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UNICEF and ICRC work with Sudan's government to evacuate 297 orphans

ASMA KHALID, HOST:

This next story is an especially grim reminder of the toll of war in Sudan. The United Nations' children's agency says more than 60 children, most of them infants, died in the weeks since fighting erupted in Khartoum. UNICEF says they were at an orphanage that could not keep up with their needs. NPR's Aya Batrawy reports on an operation this week to move nearly 300 children from this orphanage to safety.

AYA BATRAWY, BYLINE: Aid workers say most of the children who died at the Mygoma orphanage in Sudan's capital of Khartoum were just infants. When fighting erupted April 15 between Sudan's military and a heavily armed militia force, the clashes were so fierce that life in the capital came to a standstill. Hospitals were bombed or forced to close. Electricity and water supplies were cut in some areas. People had to shelter at home or join hundreds of thousands fleeing the country. UNICEF's deputy representative in Sudan, Mary Louise Eagleton, says most of the children at Mygoma were under 2 years old. They didn't have enough adults to feed them or hold them after the fighting erupted.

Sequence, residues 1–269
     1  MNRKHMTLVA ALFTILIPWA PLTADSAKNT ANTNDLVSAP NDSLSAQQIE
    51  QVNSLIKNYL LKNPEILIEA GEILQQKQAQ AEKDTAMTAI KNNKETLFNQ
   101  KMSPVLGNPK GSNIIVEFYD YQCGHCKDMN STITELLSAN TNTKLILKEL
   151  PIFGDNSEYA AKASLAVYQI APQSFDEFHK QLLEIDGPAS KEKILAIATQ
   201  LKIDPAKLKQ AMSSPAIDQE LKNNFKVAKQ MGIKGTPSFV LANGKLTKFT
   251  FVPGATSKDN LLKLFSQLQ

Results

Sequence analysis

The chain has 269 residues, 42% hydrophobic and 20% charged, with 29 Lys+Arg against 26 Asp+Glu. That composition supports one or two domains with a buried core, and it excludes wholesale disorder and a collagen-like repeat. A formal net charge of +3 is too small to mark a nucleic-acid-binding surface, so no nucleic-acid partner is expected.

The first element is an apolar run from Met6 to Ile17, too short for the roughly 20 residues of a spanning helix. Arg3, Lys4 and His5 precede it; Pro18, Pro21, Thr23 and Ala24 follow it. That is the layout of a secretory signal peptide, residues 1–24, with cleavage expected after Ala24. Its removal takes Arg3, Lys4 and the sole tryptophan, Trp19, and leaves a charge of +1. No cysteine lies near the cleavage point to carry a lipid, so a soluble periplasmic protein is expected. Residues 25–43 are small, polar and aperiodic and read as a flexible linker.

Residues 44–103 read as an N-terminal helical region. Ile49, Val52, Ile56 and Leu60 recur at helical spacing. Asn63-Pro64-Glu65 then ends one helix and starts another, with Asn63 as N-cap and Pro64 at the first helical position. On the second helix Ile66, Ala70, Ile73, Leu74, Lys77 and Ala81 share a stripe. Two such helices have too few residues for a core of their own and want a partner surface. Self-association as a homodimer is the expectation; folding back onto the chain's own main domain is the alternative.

MARY LOUISE EAGLETON: These children have been caught in the conflict - really, in the heart of the conflict in Khartoum - these last six, seven weeks in really, really challenging conditions.

BATRAWY: The U.N. Children's Fund and the International Committee of the Red Cross worked with Sudan's government to evacuate 297 children out of the orphanage this week.

(SHOUTING)

BATRAWY: Video released from the Red Cross shows their vehicles relocating the children outside the capital. They now have electricity, clean water, milk, food and more caregivers. Eight of the children were taken to a hospital for intensive care treatment. Eagleton says the children who perished in the orphanage over the past seven weeks died mostly from fever, dehydration and malnutrition, an indirect result of the war.

EAGLETON: Among the ones who died, as far as we understand, the large majority were under the age of 3 months, so very low birth weight and already very fragile. But then there were insufficient carers at the center because many had to flee with their own families when the fighting started.

BATRAWY: UNICEF says it needs around $840 million to reach more children in Sudan.

EAGLETON: This situation in the orphanage for children is really a microcosm of what's happening at national scale. So when we say 13 million children are in need of critical lifesaving assistance, that's half of the children in Sudan.

BATRAWY: But only a fraction of the U.N.'s overall $3 billion funding appeal for Sudan has so far been met.

Aya Batrawy, NPR News, Dubai.

(SOUNDBITE OF TOM ASHBROOK'S "SOLACE") Transcript provided by NPR, Copyright NPR.

Aya Batrawy